Kent Twitchell's mural at Olympic and Hope of artist Ed Ruscha was found destroyed Friday, but no one took the blame for ordering it painted over. "It's always been such a popular piece in the art world and in Los Angeles. I had no idea it was in danger in any way," Twitchell told the Times. "It will take a while for the shock to wear off. It was sort of my 'Mona Lisa'; I worked on it for nine years." He plans a lawsuit, if the responsible party can be found. The six-story mural was painted between 1978 and 1987 on the wall of what is now a Job Corps program building at 1031 South Hill Street. Conservationist Nathan Zakheim, who had been starting to restore the mural, said an on-site supervisor referred him to Southern California Contractors, whose president declined comment and referred the Times to the U.S. Department of Labor. A spokesman there said he would look into it.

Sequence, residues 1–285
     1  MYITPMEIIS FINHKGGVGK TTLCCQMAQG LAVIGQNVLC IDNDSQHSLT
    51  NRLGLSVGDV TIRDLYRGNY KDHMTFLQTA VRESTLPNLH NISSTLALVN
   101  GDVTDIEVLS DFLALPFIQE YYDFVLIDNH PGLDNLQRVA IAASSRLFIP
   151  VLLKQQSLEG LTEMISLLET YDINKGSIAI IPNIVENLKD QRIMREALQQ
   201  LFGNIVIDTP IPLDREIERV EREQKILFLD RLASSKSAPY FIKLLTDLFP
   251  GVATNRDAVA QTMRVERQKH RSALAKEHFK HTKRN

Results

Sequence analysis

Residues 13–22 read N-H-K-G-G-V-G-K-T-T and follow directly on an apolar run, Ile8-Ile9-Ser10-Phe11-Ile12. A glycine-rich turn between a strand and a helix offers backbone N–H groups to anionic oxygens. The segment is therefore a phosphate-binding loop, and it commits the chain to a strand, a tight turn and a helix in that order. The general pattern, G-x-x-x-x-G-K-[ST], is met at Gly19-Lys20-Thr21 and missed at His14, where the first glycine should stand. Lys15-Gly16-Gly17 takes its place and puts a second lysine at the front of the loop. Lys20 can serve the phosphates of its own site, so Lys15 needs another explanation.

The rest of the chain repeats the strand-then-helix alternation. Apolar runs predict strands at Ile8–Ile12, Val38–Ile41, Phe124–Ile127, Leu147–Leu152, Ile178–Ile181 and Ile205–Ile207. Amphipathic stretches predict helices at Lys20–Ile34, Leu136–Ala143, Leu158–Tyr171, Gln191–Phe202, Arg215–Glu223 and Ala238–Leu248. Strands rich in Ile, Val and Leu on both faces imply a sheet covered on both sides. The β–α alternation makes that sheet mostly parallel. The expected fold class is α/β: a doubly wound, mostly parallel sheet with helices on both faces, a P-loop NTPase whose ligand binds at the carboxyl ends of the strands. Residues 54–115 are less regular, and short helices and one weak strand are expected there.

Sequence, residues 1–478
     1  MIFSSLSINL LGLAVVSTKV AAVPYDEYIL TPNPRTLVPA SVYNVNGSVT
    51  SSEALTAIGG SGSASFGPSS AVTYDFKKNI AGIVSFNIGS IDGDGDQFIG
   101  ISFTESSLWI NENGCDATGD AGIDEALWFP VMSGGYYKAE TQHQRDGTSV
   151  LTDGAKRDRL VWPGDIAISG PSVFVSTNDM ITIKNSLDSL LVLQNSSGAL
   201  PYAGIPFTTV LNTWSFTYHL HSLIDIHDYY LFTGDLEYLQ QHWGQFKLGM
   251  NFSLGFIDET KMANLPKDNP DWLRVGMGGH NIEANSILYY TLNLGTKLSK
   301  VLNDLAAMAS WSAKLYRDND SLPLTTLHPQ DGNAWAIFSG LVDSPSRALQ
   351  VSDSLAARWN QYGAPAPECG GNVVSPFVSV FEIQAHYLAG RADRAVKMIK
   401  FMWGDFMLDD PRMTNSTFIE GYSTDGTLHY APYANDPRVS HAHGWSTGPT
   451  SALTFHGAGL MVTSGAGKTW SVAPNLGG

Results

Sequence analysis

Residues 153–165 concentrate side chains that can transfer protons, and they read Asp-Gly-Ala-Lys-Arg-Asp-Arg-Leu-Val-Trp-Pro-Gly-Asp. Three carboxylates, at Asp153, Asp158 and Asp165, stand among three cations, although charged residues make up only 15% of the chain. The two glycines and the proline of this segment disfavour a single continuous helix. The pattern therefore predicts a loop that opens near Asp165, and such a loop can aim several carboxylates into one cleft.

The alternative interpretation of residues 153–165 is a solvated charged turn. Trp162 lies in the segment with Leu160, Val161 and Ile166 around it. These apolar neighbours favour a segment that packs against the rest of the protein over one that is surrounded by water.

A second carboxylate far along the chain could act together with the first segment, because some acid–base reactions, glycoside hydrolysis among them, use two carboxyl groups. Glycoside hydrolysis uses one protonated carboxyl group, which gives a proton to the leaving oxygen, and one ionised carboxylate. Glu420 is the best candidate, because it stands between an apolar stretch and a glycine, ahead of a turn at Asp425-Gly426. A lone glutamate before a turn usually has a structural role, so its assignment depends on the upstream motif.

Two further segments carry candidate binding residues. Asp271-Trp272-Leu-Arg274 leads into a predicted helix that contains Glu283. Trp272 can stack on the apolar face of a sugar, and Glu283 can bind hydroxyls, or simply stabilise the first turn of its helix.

Zakheim said creators of murals typically [by law] must be given 90 days to respond before a work can be destroyed.
"We could have protected the piece, we could have protected the paint, we could have hibernated it," Zakheim said, referring to a technique by which a mural is treated with paint that can be removed later. "There are a whole bunch of options besides destroying it....It's probably his most known mural."
Los Angeles has a thing about obliterating well-known murals. Two of David Alfaro Siqueiros' 1932 works are in varying stages of restoration after being painted over at Olvera Street and the former Chouinard School of Art. A Maxine Albro depiction of Roman Sibyls was whitewashed at the Ebell women's club on Wilshire because the uninhibited scene disturbed some of the inhibited members, and Twitchell's own Freeway Lady has been damaged and defended in the past.